Ahhhh ... The Holidays are approaching quickly. “The holidays are times spent with our loved ones.” This has been imprinted on our psyche from a young age. Holidays mark the passage of time in our lives. They are part of the milestones we share with each other and they generally represent time spent with family.
But since holidays are for being with those we love the most, how on earth can anyone be expected to cope with them when a loved one has died? For many people, this is the hardest part of grieving, when we miss our loved ones even more than usual. How can we celebrate togetherness when there is none?
When you lose someone special, your world lacks its celebratory qualities. Holidays magnify that loss. The sadness deepens and the loneliness can feel isolating. The need for support may be the greatest during the holidays. Pretending you don’t hurt and/or it isn’t a harder time of the year is just not the truth for you. But you can – and will – get through the holidays. Rather than avoiding the feelings of grief, lean into them. It is not the grief you want to avoid, it is the pain. No one can take that pain away, but grief is not just pain, grief is love with nowhere to go.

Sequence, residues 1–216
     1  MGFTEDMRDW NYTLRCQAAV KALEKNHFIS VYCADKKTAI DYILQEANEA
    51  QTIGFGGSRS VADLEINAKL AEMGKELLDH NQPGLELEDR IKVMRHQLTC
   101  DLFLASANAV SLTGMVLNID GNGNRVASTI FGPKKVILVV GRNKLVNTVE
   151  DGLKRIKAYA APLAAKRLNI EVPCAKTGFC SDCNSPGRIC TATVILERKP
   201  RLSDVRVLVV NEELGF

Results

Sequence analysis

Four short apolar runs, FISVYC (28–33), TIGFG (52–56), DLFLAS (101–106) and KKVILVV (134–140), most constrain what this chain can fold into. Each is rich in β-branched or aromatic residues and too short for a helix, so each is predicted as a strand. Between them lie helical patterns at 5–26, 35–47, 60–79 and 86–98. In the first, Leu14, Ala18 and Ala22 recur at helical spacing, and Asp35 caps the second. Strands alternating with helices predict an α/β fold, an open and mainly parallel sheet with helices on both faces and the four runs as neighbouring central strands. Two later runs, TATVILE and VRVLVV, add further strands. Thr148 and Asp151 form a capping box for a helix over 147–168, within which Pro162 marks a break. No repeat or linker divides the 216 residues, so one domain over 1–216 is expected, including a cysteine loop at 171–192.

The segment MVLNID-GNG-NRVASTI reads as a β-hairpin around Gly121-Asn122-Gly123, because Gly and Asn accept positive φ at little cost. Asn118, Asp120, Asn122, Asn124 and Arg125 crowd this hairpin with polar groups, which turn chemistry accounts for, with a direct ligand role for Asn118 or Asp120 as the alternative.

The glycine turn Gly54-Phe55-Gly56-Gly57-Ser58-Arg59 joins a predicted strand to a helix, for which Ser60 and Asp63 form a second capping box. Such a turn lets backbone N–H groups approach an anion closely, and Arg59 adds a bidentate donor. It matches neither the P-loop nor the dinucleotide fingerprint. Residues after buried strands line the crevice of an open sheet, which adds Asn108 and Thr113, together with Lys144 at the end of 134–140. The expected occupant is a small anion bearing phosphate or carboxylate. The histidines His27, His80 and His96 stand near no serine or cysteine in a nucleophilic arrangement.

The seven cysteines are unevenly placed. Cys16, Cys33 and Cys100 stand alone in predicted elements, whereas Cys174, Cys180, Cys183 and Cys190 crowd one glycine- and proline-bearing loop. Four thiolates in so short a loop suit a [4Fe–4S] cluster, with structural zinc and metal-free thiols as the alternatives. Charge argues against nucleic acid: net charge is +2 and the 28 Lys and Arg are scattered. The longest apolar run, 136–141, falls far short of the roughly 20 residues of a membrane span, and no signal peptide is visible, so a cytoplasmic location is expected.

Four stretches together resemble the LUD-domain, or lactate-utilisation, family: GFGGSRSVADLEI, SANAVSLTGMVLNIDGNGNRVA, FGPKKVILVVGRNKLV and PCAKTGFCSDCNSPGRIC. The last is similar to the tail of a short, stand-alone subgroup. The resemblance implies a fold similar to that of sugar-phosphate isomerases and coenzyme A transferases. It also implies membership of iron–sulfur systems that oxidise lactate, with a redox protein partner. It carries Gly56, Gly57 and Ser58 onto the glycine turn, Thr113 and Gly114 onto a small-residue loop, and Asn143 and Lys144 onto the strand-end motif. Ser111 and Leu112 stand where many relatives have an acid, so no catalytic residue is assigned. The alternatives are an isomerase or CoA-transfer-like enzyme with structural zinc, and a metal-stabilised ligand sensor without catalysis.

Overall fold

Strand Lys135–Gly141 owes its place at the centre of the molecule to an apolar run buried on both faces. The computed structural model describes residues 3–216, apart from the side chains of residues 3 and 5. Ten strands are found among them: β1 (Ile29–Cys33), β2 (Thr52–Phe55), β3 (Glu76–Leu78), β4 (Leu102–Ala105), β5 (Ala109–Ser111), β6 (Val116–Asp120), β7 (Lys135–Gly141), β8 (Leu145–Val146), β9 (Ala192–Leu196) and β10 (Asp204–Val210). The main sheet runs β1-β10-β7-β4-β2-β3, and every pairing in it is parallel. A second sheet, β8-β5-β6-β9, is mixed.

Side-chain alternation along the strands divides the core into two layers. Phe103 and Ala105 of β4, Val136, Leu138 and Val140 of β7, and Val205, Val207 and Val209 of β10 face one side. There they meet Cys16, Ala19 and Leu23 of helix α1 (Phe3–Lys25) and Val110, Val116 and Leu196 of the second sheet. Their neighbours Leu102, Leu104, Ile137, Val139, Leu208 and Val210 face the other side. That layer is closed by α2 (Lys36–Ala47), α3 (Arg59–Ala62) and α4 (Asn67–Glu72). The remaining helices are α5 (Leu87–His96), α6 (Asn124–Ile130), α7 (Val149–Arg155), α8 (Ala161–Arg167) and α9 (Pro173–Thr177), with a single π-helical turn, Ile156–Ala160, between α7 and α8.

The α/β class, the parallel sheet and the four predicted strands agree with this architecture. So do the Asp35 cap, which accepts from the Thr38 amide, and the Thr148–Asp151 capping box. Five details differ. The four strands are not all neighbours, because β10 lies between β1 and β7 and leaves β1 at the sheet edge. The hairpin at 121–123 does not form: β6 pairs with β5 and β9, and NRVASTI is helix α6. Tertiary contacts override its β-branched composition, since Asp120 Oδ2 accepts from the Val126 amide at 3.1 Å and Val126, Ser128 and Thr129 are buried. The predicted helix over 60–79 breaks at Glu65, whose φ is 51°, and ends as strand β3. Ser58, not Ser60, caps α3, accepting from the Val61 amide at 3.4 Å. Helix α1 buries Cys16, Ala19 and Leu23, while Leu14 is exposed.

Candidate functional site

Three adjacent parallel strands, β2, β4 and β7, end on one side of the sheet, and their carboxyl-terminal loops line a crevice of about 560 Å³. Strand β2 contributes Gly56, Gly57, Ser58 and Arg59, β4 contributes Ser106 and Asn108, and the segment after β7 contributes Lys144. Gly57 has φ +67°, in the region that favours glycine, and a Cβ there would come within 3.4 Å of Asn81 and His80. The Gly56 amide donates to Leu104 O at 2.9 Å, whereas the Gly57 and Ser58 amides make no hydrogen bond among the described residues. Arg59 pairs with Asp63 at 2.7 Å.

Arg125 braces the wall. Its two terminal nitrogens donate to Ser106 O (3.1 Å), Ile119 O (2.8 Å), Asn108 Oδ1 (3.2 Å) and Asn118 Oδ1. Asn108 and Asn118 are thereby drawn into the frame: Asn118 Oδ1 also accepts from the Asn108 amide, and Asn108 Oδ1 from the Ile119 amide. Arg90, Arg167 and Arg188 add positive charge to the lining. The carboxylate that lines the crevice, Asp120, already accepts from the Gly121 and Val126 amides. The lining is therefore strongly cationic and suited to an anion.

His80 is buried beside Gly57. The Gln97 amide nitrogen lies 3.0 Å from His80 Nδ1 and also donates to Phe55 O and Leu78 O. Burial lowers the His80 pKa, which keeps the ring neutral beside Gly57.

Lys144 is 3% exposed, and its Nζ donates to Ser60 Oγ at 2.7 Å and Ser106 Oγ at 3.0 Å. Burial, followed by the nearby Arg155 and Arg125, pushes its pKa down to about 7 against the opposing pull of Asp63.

Grief is the normal and natural reaction to deep loss. We do everything we can to avoid the pain it came and deposited inside of our hearts. We do what people tell us to do, you know the myths by now:
Don't Feel Bad
Replace the Loss
Be Strong for Others
Give it Time
Does any of these myths about grief actually help with the pain? The answer is no. But here's what it does do. When someone tells you, "Don't feel bad," and they may even go as far as to tell you why you shouldn't feel bad. The truth is they are not comfortable with your pain.